As mothers enter the last decades of their lives, their roles with their daughters often shift and change in complicated ways. Now that they are no longer central in caring for them as they once were, many experience a recalibrating of authority, autonomy, and independence. Their courage is apparent as they reflect on the mistakes they’ve made, acknowledge their regrets, and search to come to terms with their relationships as they now are.
Autism is a childhood condition ... right? Not right. Children with autism grow into adults with autism. The great strides we have made in understanding childhood autistic behaviors and interventions have lagged dramatically behind the needs of aging autistics. What of the young adult trying to build relationships? What of the middle aged autistic adult who has been misdiagnosed with Bipolar Disorder and lacks an effective treatment plan? What of the aging adult who is showing increasingly rigid autistic behaviors and is misdiagnosed as having frontotemporal dementia? Understanding Autism in Adults and Aging Adults is a one-of-a-kind resource designed to improve the correct diagnosis of autism spectrum disorder in adults. Filled with clinical stories that bring to life the concepts discussed, the book provides strategy-based interventions to address issues of personal and household management, medical care, communication, sensory processing symptoms, and emotional and behavioral regulation.
Award winning author, Lisa J. Shultz, is of the Baby Boomer generation and lost her father, age 89 in 2015. She embraces a challenging and often avoided topic of facing the end-of-life stage of a loved one. With courage, vulnerability and love, she recounts her dad's storied life, including its difficult ending. Wrought with what she felt was unnecessary suffering in for all involved at the end, she strives to help others find a more peaceful final chapter of life.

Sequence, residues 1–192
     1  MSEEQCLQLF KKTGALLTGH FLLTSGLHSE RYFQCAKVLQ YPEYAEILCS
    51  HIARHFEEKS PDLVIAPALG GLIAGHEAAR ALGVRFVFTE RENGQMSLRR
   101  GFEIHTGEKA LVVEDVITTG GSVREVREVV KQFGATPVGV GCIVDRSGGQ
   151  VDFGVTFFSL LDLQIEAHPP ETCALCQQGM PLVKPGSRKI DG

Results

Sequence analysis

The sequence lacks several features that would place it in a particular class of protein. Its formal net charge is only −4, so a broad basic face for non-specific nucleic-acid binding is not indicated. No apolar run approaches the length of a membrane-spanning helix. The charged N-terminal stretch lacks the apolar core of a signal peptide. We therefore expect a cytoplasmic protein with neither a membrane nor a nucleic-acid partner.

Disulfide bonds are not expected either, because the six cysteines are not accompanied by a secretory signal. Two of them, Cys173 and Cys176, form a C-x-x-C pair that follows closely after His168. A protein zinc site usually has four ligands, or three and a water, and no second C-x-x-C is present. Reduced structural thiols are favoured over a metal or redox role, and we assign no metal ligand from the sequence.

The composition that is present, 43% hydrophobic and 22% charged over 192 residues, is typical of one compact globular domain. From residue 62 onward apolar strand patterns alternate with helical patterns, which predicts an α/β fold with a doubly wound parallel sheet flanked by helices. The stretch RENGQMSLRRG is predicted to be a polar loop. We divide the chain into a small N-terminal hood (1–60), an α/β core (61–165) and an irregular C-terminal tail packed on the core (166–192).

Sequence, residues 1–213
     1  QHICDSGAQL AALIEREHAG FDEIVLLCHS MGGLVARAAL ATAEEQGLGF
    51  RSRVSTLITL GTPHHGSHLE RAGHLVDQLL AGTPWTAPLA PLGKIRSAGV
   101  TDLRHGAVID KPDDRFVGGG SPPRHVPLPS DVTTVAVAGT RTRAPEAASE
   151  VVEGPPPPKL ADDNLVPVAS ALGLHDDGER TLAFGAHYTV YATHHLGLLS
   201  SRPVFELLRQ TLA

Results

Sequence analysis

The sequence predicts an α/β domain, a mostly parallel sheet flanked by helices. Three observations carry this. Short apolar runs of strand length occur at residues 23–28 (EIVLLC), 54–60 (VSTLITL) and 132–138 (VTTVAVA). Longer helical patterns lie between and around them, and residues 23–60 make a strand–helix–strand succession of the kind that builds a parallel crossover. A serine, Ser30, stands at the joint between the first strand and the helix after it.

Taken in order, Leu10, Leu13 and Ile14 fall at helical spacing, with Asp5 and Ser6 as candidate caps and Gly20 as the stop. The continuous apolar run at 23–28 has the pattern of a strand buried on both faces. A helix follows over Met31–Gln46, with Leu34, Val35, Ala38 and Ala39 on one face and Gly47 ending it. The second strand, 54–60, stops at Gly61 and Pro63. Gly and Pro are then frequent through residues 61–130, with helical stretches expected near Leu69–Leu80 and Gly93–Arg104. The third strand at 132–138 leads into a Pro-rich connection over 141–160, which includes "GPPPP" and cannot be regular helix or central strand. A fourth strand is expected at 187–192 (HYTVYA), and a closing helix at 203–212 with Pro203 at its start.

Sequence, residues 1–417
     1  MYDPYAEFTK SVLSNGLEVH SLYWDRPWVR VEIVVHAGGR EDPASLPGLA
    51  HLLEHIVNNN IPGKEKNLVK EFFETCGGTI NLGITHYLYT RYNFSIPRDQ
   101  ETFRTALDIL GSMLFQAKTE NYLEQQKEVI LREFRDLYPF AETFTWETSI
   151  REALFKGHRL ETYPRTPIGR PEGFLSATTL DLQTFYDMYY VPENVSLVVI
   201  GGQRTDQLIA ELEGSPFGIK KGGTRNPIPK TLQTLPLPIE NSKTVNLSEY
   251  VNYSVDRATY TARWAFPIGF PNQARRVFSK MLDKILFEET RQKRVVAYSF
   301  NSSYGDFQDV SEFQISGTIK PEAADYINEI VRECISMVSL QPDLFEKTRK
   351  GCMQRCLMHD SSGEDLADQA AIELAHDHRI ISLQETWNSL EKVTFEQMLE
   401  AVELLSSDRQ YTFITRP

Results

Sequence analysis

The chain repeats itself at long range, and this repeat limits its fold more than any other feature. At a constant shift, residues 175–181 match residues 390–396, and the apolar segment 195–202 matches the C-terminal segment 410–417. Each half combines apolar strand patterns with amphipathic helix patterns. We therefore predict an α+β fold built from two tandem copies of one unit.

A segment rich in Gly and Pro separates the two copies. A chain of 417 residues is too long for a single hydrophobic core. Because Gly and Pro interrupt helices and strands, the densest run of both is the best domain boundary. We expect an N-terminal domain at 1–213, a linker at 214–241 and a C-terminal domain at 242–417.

She begins her book by providing the background of her father, a World War II veteran. Their relationship was tenuous in Lisa's youth because she was disappointed and angered by his behavior, distancing herself from him and blaming him for the sudden end to their intact comfortable family life. As a young adult and after her father's sudden heart attack, Lisa was given a second chance to heal their relationship. Over the next three decades, they became closer, enjoying time together, including travel. When her dad entered his eighties, and while still raising her own children, Lisa found herself unprepared for his steady health decline. Suddenly, she was thrust into the role of overseeing his care as he began to experience increasing disability and the beginnings of dementia.
Not having prepared for or anticipated such a role, Lisa floundered as she attempted to address his ever-changing situation. The closeness and healing they had achieved was challenged as her father resisted conversations about his failing health and his care, exacerbated by a western medical system that fell short to prepare them for the end of his life.
After her father's death, Lisa began researching and compiling information aimed at educating and supporting others who may not be equipped for the challenges and decisions that arise when those we love begin to lose their health and mental clarity. The book also reminds us of our own mortality and inspires conversation and preparation to potentially ease the suffering for ourselves and those we leave behind.
A moving tribute to a remarkable man and a daughter's experience of losing her dad, A Chance to Say Goodbye gives rise to reflections about what is important in living and dying.